How to prepare the Italian Moka (coffee)
How to prepare the Italian Moka (coffee)

How to prepare the Italian Moka (coffee)

When it comes to Italian food culture, one thing I am particularly proud of is, of course, coffee.

Growing up in Turin, coffee has always been an indispensable part of my life, not only because of its delicious taste and smell or because it kept me awake during the day (or night), but also because it accompanied precious moments of my everyday life. 

Coffee is the gentle alarm in the morning that makes it a little bit easier to get out of bed and start the day. It is the most welcoming break after the first few hours of work or school when you feel like you are not quite awake yet. It is the savior after a good (but heavy) meal and it is the much needed energizer that just keeps you going when you feel like giving up.

As you can see, coffee is so much more than a brewed drink and, as I now live in Vienna, it has become necessary for me to keep my traditions and, most importantly, these precious moments alive.

Of course, it is never good to generalize and Vienna, like any other city, has its own coffee culture and traditions. But if I am being totally honest, it is rare for someone that has a culture so different than my own to prepare the coffee that I love.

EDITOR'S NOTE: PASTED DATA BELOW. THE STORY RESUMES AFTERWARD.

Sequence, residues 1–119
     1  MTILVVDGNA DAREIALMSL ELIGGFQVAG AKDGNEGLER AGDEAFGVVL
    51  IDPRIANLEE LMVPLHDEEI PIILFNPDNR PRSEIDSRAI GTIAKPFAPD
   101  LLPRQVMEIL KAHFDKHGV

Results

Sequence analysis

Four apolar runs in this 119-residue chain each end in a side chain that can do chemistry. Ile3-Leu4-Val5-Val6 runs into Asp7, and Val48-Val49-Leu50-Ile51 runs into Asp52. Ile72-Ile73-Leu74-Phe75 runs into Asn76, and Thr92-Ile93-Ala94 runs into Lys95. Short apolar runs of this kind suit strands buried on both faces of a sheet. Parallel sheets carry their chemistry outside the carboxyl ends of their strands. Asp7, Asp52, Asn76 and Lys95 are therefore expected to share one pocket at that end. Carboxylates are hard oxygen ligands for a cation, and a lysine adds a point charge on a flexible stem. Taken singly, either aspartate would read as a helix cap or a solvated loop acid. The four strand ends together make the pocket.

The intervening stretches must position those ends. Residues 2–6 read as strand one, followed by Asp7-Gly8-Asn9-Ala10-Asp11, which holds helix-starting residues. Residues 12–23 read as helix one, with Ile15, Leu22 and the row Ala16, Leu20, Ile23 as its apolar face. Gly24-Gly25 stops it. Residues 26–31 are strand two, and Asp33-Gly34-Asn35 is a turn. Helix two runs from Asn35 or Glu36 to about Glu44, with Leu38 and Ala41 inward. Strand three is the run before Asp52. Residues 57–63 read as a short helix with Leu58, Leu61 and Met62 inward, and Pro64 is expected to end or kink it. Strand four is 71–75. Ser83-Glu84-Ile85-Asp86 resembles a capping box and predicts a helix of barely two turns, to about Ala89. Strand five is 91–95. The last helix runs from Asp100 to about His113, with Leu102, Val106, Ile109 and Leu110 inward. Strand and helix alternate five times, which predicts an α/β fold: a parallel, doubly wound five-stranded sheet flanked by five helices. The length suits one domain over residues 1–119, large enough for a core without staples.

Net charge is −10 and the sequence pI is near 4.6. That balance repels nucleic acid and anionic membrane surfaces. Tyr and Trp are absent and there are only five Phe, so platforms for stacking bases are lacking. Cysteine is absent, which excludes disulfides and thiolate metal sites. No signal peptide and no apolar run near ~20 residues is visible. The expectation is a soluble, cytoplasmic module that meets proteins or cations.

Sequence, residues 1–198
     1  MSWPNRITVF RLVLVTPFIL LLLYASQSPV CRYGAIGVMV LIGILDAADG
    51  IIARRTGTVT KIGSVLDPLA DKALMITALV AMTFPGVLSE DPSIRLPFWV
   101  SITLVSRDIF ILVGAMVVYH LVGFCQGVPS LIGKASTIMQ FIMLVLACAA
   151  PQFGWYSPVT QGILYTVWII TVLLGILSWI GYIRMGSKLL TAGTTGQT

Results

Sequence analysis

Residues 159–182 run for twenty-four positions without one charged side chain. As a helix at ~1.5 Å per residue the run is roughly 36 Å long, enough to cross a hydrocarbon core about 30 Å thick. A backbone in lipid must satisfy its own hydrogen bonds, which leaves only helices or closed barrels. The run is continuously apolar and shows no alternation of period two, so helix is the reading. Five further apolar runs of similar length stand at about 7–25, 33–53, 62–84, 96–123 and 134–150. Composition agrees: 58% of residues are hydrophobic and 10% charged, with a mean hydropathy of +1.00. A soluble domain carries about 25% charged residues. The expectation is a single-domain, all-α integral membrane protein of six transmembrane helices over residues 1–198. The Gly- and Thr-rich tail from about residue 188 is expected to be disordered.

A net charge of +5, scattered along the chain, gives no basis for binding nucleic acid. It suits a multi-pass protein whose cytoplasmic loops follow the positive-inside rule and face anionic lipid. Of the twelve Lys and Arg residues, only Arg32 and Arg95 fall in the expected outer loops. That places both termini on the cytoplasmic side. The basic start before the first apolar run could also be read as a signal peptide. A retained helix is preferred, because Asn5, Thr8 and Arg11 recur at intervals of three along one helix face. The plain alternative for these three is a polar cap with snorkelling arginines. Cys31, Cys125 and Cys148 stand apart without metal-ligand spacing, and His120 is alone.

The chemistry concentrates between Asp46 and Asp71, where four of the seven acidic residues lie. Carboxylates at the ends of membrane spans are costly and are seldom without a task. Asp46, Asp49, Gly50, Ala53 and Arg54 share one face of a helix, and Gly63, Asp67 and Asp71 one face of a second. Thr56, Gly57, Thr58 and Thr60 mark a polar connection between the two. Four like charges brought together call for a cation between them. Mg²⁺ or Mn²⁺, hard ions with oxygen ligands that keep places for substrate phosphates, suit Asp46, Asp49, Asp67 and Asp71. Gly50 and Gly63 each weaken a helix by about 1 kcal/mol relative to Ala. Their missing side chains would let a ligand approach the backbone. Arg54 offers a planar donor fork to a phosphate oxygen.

I think everybody will agree with me when I say that Italians can be very annoying when it comes to coffee. They think theirs is the best in the world. I think my coffee is the best in the world. So passionate are we about coffee that it is safe to assume that, whenever an Americano is made, an Italian dies. 

Please, don’t take this the wrong way! I am sure YOUR coffee is delicious! You have to understand, however, that the relationship between Italians and their coffee is so very special. Forgive them, they don’t mean to be rude, they’re just picky and for good reasons.

So! If you are interested in exploring the magic world of coffee with me and to make your Italian friends very happy the next time you plan to invite them over, here’s a few tips and tricks for you!


1st step: quality

It seems unnecessary but I’ll say it nevertheless. The quality of your coffee does make the difference. My suggestion to you then is: investigate! Ask your Italian friends what they usually buy and like, try it out yourself and see if you like it. Depending on your budget, you can try the Italian brands you find at the supermarket (the real ones, not the ones that pretend to be Italian) or you can pick a fancy one from a smaller company directly at the coffee shop. 


2nd step: type of coffee coffee arabica

Commonly, there are two coffee bean types: arabica and robusta. Usually the arabica is considered the most refined of the two and for that reason you will find a higher percentage of arabica blend on the market. The taste is usually sweet, soft and aromatic. The only disadvantage of this type of bean is that it is more acidic. So, if you are sensitive, make sure to never drink it on an empty stomach and to always drink a glass of water afterwards.

The robusta, on the other hand, has, as the name suggests, a stronger taste, is usually bitter and creamier. 


3rd step: la moca